He waited more than 30 minutes to ring up his case of beer. He had been grocery shopping earlier and didn’t realize that alcohol sales didn’t begin until noon.

Instead of making a trip back to the store later in the day, he waited. After a few failed swipes at the self-checkout line, the system updated when the clock struck 12, and he became the first person at the location to make a carryout alcohol sale.

“It’s been a long time,” Morris said with releif after finishing the transaction.  

The news was also a pleasant surprise to shoppers who were unaware the law had finally changed after many years of unsuccesful efforts. 

“That’s not real,” Candice Baker said with a laugh when told about the new legislation. “I heard someone talking about it the other day, but I just assumed it would fall apart or hadn’t really happened. You kind of get used to being let down after so many years.”

The Indianapolis resident said while the change is long overdue, it shouldn’t be celebrated as a major achievement. Not because she isn’t excited, but because she still can’t think of a good reason it has been banned for all these years.

“Congratulations, Indiana. You can now do the same thing everyone else has been doing forever,” she said. “Now we should focus on some bigger issues.”

Other people were getting in on the fun by pushing for new Sunday sales firsts now that Indiana has gotten alcohol out of the way.

Shortly after the doors to Alabama Liquors opened, Austin Taylor was out front collecting signatures for a petition.

His cause? Legalizing the sale of Chick-fil-A on Sundays. It’s a business decision rather than a law that shuts the restaurant chain on Sundays.

“This is the next step,” Taylor said. “You can’t drink and drive, but you should be able to eat and drive.”

Inside, Alabama Liquors was surprisingly busy, assistant manager Chet Smith said.

“We were totally surprised,” Smith said. “Some of them did say they did come up because of the novelty. A lot said they would come every Sunday.”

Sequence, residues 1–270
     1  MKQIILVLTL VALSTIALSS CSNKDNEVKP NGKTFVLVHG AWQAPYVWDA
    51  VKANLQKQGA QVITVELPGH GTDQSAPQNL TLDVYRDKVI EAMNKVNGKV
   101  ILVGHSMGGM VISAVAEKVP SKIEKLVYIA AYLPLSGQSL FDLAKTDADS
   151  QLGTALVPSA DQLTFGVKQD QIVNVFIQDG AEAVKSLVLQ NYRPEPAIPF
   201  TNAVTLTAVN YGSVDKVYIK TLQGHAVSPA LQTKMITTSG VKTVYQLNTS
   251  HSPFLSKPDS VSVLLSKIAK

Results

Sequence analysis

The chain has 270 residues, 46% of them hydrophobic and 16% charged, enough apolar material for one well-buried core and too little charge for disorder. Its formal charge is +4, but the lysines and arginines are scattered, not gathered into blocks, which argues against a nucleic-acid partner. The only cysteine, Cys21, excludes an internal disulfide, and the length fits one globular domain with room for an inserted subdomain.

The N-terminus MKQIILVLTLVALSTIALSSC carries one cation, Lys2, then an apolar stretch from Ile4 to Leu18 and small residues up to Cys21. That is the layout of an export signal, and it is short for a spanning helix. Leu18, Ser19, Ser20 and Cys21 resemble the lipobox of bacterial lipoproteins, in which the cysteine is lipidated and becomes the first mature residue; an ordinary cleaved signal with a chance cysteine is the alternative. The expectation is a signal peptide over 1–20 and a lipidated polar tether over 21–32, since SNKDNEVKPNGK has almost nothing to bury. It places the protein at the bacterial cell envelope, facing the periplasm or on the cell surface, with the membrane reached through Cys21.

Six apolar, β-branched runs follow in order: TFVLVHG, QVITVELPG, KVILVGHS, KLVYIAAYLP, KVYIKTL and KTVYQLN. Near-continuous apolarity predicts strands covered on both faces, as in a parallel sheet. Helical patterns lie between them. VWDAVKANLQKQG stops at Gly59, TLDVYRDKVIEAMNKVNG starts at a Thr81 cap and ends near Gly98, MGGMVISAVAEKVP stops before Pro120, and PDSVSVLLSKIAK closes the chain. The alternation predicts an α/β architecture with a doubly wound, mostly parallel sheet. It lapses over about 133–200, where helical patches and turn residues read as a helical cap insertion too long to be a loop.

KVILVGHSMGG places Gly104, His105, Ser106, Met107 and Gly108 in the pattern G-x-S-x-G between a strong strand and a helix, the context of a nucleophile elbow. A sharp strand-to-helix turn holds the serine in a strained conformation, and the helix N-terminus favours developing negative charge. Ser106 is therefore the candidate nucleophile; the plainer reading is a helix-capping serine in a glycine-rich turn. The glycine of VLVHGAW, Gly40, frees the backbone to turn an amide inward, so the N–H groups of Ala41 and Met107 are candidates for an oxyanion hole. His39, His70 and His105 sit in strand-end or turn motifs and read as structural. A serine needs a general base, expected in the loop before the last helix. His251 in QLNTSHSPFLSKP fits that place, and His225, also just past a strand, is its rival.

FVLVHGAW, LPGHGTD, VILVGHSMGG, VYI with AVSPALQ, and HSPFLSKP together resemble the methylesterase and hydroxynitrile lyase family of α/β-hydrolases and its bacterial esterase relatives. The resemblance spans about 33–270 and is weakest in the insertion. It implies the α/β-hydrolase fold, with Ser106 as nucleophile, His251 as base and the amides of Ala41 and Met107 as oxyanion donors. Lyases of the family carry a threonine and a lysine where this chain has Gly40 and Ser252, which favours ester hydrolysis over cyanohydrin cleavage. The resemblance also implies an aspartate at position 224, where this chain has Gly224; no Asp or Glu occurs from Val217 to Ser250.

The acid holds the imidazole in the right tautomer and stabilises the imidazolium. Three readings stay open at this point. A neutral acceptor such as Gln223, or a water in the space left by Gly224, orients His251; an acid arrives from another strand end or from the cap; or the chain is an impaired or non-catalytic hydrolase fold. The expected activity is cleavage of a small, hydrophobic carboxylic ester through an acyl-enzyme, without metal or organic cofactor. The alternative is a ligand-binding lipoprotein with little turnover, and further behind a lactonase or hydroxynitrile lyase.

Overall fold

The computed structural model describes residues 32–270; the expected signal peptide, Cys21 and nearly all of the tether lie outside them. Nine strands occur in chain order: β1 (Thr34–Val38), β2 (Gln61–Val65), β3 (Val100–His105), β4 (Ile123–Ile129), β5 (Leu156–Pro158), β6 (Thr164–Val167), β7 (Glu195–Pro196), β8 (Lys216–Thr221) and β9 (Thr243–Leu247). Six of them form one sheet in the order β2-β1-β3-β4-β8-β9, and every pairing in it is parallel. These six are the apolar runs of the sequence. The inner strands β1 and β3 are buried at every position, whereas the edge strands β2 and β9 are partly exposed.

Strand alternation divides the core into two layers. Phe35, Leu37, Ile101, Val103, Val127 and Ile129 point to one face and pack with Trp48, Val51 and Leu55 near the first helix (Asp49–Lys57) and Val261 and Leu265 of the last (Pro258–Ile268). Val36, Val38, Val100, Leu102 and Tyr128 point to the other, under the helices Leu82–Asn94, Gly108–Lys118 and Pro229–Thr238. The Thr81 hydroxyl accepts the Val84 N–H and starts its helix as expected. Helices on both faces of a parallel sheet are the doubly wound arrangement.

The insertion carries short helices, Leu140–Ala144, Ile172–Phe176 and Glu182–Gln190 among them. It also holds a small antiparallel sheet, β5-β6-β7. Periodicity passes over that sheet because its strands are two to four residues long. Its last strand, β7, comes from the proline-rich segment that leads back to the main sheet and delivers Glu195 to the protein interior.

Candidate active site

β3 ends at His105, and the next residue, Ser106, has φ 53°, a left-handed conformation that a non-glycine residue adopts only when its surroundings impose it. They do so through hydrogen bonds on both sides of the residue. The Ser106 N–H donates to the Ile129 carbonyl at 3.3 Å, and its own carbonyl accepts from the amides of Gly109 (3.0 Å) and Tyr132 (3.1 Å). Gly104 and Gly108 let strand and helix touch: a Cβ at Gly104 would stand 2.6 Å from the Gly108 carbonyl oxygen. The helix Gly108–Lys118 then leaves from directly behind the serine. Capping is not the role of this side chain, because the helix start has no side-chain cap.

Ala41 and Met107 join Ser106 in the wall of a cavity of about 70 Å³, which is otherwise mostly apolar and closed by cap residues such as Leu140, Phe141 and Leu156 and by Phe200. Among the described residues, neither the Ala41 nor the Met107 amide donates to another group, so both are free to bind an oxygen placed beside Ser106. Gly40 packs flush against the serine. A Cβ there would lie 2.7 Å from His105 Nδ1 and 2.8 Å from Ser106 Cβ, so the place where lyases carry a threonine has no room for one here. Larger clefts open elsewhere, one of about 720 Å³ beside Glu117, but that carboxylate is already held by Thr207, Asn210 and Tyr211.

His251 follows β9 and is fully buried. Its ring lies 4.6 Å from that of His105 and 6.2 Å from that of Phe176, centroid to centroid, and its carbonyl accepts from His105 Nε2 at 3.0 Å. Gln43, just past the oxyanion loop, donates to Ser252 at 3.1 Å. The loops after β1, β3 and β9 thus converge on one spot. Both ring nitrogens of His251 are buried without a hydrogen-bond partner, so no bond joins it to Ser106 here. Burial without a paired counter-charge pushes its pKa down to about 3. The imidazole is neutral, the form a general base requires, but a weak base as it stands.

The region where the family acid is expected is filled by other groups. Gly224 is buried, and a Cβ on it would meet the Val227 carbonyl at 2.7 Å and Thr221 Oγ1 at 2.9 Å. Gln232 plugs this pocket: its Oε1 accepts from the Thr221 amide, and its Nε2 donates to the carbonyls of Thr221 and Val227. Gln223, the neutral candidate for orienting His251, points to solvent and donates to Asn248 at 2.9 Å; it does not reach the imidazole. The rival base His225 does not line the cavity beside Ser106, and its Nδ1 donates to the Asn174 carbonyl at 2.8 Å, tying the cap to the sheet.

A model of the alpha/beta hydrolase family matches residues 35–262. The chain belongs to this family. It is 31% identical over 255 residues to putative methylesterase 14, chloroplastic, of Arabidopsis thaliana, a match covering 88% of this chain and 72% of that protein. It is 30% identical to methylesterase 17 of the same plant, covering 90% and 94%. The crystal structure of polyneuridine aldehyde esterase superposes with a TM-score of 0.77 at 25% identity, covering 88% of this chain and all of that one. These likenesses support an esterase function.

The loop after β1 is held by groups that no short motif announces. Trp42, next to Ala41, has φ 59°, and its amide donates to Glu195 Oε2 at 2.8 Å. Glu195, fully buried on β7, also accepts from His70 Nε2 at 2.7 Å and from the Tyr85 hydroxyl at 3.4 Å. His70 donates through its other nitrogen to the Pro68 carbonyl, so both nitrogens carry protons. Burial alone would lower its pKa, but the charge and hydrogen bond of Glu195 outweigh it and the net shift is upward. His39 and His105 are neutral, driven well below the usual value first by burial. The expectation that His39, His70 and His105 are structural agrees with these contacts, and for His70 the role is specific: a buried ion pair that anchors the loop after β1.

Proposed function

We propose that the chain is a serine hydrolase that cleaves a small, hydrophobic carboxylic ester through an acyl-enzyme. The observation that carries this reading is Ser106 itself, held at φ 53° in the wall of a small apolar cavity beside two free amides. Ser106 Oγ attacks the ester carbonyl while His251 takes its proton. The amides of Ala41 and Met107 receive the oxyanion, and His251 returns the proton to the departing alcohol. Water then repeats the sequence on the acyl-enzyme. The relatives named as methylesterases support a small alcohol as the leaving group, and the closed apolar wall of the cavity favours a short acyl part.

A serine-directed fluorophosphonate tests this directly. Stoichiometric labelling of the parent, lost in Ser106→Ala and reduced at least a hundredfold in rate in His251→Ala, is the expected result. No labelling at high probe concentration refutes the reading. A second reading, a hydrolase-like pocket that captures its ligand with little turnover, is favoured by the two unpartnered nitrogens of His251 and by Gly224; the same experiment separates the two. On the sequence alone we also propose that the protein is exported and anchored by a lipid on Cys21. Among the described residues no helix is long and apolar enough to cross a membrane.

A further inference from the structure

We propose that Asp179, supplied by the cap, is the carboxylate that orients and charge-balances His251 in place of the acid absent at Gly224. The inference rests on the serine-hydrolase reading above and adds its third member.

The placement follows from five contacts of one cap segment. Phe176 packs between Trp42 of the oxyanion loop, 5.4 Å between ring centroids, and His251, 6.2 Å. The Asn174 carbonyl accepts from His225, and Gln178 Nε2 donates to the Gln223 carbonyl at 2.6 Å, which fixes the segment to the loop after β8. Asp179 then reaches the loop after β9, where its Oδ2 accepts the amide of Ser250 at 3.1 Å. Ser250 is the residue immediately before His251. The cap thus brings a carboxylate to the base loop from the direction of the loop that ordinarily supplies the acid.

Now the small, family-owned liquor store is planning to open between noon and 4 p.m. every Sunday.

To celebrate the end of Indiana’s Sunday alcohol sales prohibition, Big Red Liquors is offering a special deal.

Fox59 reported that Big Red Liquors will celebrate the legislation with a month of discounts. Every Sunday this month, customers can take advantage of 25 percent off all beer, wine and spirits made in Indiana.

Big Red’s Pennsylvania Street location had a line of shoppers waiting for the doors to unlock and a steady stream of business through the day.

“I think everyone is getting in on it today,” said Jeff Moorehead after taking advantage of the Big Red sale and picking up a couple of selections from Sun King. “People are already calling and texting each other asking what you got and where the deals are. It’s a crazy day.”

The day’s enthusiasm was palpable. From the smallest package stores to large grocery stores, Hoosiers were out Sunday buying alcohol.

“Why am I buying today?” said Megan Bennett as she surveyed the rum bottles at Kroger. “Because I can.” 

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A Drop special report looks at impact as Indiana lifts a Prohibition-era ban on Sunday alcohol sales.
Stephen J. Beard/IndyStar

IndyStar reporter Emma Kate Fittes contributed to this report.

Call IndyStar reporter Justin L. Mack at (317) 444-6138. Follow him on Twitter: @justinlmack.